Cisco's release of the 3500 series AP has raised the bar for the competition when it comes to spectrum analysis, by integrating their stand-alone Spectrum Expert card abilities in the access point directly.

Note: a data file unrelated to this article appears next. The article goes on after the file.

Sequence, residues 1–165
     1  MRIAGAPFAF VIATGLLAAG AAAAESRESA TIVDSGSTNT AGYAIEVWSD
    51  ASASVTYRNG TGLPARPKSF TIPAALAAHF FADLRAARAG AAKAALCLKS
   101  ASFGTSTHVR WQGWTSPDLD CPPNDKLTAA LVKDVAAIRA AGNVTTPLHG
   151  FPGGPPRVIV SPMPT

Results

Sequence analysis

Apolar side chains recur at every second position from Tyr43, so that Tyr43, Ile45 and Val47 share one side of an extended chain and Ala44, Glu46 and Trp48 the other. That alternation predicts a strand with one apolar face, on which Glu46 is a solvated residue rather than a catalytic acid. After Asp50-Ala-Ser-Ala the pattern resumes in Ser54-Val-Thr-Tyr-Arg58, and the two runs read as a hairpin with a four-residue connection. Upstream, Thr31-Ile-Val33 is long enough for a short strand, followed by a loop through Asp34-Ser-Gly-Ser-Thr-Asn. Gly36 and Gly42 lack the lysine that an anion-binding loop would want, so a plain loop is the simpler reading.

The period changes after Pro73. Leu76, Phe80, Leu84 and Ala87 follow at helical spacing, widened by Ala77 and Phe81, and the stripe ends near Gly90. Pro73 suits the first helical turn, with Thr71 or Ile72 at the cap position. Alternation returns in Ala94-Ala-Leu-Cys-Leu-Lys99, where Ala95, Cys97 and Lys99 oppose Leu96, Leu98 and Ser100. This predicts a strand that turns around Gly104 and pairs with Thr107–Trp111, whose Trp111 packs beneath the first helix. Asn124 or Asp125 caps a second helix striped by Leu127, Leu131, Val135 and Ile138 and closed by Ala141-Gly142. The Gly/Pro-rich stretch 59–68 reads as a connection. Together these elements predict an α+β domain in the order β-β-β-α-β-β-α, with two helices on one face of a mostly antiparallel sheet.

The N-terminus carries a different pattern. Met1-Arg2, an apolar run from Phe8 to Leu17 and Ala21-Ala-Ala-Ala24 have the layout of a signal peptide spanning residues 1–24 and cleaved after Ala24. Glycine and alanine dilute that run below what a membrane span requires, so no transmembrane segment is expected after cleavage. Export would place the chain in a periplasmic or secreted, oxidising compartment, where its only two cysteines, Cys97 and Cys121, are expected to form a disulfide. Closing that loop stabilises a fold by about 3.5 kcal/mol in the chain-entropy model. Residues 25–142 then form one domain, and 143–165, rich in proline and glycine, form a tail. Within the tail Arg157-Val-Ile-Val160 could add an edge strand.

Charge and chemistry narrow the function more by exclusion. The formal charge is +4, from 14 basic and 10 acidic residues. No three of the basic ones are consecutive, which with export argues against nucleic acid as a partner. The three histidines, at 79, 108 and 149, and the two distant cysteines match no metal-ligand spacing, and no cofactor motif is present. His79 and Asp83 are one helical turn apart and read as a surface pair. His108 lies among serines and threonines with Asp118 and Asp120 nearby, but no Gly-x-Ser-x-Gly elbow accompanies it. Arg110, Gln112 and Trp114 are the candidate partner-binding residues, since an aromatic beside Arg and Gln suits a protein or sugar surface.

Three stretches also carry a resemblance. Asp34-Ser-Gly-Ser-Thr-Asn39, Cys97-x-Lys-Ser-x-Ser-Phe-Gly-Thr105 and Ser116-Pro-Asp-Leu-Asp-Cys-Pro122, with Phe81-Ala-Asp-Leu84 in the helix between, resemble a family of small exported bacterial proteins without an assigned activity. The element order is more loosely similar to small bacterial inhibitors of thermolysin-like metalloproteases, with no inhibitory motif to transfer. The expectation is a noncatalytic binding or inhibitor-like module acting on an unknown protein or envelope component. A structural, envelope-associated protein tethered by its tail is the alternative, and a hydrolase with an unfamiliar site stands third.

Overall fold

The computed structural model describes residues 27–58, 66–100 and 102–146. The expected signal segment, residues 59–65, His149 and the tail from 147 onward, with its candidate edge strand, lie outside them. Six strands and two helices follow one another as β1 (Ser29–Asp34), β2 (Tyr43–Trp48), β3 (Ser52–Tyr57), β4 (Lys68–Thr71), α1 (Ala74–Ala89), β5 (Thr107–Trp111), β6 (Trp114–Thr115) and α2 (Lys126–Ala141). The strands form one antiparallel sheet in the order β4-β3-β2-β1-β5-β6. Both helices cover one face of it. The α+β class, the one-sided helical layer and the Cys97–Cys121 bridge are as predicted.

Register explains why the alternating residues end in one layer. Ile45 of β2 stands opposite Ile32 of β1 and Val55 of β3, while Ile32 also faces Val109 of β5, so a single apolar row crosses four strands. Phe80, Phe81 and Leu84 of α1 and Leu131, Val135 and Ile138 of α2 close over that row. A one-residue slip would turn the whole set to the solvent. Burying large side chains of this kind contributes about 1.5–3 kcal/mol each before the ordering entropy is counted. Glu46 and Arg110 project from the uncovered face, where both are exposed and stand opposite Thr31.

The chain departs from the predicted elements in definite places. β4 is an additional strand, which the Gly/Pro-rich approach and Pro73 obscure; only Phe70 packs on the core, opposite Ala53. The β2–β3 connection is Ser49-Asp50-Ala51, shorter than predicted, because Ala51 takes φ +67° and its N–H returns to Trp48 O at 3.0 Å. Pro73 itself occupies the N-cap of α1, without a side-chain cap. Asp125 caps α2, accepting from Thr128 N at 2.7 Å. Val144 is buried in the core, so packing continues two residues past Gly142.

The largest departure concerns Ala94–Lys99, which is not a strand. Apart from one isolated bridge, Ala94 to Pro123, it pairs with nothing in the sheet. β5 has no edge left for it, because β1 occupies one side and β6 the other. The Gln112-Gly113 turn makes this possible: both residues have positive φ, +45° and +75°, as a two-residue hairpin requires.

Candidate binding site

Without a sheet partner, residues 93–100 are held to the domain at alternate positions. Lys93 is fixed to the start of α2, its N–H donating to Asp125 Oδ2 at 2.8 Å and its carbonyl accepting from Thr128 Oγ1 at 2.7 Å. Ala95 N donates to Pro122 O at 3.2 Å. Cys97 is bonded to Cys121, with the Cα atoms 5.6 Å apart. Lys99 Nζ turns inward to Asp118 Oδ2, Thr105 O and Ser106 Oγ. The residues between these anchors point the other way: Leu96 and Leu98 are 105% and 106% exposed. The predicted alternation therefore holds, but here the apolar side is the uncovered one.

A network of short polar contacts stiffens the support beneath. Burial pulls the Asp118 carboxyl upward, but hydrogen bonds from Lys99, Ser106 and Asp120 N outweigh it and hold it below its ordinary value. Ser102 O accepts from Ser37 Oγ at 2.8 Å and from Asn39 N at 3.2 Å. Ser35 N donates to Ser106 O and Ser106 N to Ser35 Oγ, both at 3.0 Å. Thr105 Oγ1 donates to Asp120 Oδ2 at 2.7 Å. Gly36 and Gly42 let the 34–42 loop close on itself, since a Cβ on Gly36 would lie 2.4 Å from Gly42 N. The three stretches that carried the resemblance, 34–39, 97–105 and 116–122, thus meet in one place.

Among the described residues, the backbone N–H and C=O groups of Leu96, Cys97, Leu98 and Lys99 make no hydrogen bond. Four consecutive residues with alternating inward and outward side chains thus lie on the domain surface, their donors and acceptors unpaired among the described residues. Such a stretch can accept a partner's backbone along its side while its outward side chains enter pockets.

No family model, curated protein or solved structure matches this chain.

Cisco used a form factor for the 3500e (external antenna, support for high temperature install locations) and 3500i (internal antenna) that is similar to the 1142. Their new 1260 alsoThe 3500 is similar to the 1142 and 1252 in terms of servicing clients, with 802.11n support on 2.4ghz and 5ghz support, in 2x3:2 configuration (2 transmit antennas, 3 receive antennas, and 2 spatial streams), and supports a short guard interval of 400ns on both 40mhz and 20mhz channels. Why didn't Cisco go with 3x3:2? I'd have to guess because there isn't any real performance increase having a 3rd transmit antenna, when you can only handle 2 spatial streams.When Cisco announced the acquisition of Cognio, Inc. in September of 2007, I think most people could have guessed that Cisco's long term goal was not simply to sell PCMCIA cards at a list price of over $4,000 (Spectrum Expert). It could have been to simply lock up the 12 patents that Cognio had been granted, which reading the titles alone would make you wonder how anyone else on the planet is able to do spectrum analysis without licensing it from Cisco. However it seemed to make logical sense to build the technology into the access points.I don't think anyone will argue that there is a portable Wi-Fi specific spectrum analyzer out there as good as Cisco's Spectrum Expert, which has dual band support and a frequency resolution of 10kHz. Most people would argue that you can get MetaGeek's Wi-Spy card for a tiny fraction of Cisco's price, or even AirMagnet's new USB analyzer, both of which are cheaper. Neither of those cards have the resolution of the Spectrum Expert card, but are often a perfectly fine choice depending on what level of digging you need to do. Wi-Spy is documented to have a frequency resolution of 328kHz, and Airmagnet's Spectrum XT is 156.3kHz, not to be confused with Airmagnet's "Spectrum Analyzer", which is the Cognio card re-branded. Some may also argue that software wise, Wi-Spy and AirMagnet have nicer looking software. If you want to compare against a bench analyzer for Wi-Fi, take a look at the Tektronix RSA3408A (List $40,000), which is a monster of an analyzer and on my wish list. Frequency resolution is an important bench mark for spectrum analysis. If you're looking at 80mhz of spectrum, and can only see it in chunks of 20mhz.. That's 4 chunks. When you consider broadband devices like Bluetooth that hop all over that 80mhz, or tiny devices like the non-Bluetooth 2.4ghz Logitech mice that use only 2-3mhz of bandwidth, how can you uniquely identify these devices viewing in such large chunks? The smaller the chunks you can look at (resolution), the more precise you can be in identifying what's utilizing the spectrum, and have more specific signatures for devices seen. Cisco has integrated their high resolution Spectrum Expert chipset into the 3500 access point directly. Cisco's white paper goes into great detail here and I do recommend reading it. They've seemingly built a true spectrum analyzer into the access point. They have a current database that can identify by name 20 different non-wifi interference sources that they have built signatures for (I've seen it detect about 9 of those personally, but I haven't tried to test them all). Cisco's competition seems to be coming from Wi-Fi chipset vendors that are including some spectrum functionality in their wireless chipsets, such as what Atheros announced at CES in January of 2009. At least one chip specifically, their AR9002 chip with "iQUE", which is a marketing term for their new QoS techniques and Spectral analysis abilities. AP vendors are just now announcing support for this, and I personally have not yet seen it in action. I don't currently know of any vendor that is implementing a separate spectrum analyzer on their main board that isn't part of the offering from the 802.11 chipset vendor they utilize. There are certainly some questions I'd ask any vendor currently offering spectrum analysis, even if you're getting it for free as a software upgrade and no hardware required, be sure you're aware of the possibilities on the market. A few things I'd ask of any vendor, including Cisco: